Locals of Uludere ask state not to stop commemoration
ULUDERE - Hürriyet Daily News
Members of a Republican People’s Party (CHP) delegation visitng Uludere pray by the graves of 34 villagers who were killed last year in a botched air raid by the Turkish Air Forces. DHA photo“Look at them, do they look like terrorists?” asked Türkan Uysal and Medire Irek yesterday, holding pictures of their sons, one of them wearing a high school uniform, both killed in an air raid by the Turkish Armed Forces last year in Uludere, near the southeastern province of Şırnak.
Today, the locals in Uludere, or Roboski in its original Kurdish name, will be commemorating their lost ones, 34 civilian smugglers returning to their homes from the Iraqi border.
Two recent stories seem to have sent shockwaves through the villagers. The first one was Prime Minister Recep Tayyip Erdoğan’s statement only three days ago in a televised interview that, “It is still not clear whether [those killed] were civilians,” implying the victims might have been linked to the outlawed Kurdistan Workers’ Party (PKK). The second were rumors that upcoming commemorations for the incident, mainly organized by the Peace and Democracy Party (BDP), might face interference.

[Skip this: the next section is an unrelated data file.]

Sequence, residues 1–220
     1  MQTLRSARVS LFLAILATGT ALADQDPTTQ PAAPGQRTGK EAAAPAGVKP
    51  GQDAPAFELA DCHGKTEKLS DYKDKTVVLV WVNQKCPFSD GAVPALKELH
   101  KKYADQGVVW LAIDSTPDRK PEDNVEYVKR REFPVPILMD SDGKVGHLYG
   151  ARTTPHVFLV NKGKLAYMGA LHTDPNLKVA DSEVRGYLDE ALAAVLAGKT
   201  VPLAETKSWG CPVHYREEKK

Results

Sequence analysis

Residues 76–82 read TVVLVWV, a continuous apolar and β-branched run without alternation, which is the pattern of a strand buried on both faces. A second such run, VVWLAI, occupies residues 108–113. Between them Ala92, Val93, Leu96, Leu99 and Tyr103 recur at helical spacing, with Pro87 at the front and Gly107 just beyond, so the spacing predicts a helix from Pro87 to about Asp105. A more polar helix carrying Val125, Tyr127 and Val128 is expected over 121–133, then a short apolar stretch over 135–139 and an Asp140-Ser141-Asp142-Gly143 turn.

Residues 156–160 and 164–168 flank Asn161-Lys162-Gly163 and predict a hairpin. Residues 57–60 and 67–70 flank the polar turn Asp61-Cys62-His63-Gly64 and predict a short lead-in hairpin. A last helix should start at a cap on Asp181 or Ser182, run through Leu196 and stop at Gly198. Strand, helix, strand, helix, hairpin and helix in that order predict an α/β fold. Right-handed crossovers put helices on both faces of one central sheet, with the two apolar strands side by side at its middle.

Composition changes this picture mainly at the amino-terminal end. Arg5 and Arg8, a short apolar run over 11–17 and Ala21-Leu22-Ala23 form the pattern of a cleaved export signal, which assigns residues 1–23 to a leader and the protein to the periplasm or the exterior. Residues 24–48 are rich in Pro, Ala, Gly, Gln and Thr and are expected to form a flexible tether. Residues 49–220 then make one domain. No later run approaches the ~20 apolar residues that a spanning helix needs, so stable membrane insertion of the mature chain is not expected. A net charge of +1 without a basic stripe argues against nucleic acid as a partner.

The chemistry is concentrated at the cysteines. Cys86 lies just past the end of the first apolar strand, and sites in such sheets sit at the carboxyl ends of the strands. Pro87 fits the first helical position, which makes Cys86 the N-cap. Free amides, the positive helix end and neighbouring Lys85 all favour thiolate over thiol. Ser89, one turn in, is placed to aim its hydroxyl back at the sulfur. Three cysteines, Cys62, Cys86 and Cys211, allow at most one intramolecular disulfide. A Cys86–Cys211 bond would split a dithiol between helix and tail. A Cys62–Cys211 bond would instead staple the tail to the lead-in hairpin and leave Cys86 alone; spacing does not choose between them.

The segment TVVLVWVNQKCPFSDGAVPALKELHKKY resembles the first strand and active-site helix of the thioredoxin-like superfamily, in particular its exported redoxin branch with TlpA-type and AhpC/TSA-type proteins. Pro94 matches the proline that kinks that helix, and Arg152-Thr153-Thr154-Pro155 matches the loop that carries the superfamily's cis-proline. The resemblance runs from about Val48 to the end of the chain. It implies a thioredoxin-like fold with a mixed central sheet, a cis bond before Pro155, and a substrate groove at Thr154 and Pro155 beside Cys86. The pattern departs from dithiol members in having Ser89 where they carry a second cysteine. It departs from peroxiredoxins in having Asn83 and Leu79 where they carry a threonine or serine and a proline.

“If there will be obstructions, that will only aggravate the suffering of the families,” said Ferhat Encü, a member of the family with the highest number of victims in the incident.
“It seems that the government wants to close the issue by trying to prove some links [in regards to] the victims,” said Levent Gök, a member of Parliament from the main opposition Republican People’s Party (CHP). Gök, who is also a member of the parliamentary commission inquiring into the incident, recalled that the commission was originally scheduled to finish its report by March 15, roughly two-and-a-half months after the bombing. “The commission under the ruling party has lost all its credibility,” he said, adding that the CHP will make its own report public in the coming days.
Visit to the relatives
The main opposition chose to show solidarity with the victims of Uludere by paying a visit to the district a day before the first anniversary of what every local here calls “the Roboski slaughter.”
“Look at this; he was only born in 1998. And the prime minister calls them terrorists,” said Gülseren Onanç, the only female member of the CHP delegation, in front of the grave of Muhammed Encü. “It is incomprehensible,” Onanç said of the obstruction efforts. “What’s wrong with commemorating it, what would the ruling party loose by sharing their pain?”
The CHP delegation, which was headed by two deputy leaders – Onanç and Sezgin Tanrıkulu – first visited the village yesterday, followed by the cemetery.
“Roboski is a matter of justice. A total blindness of consciousness is continuing here,” said Tanrıkulu.
“This happened to us because we are Kurdish,” said Azime Encü. “We want peace but we also want those responsible to be brought to justice.”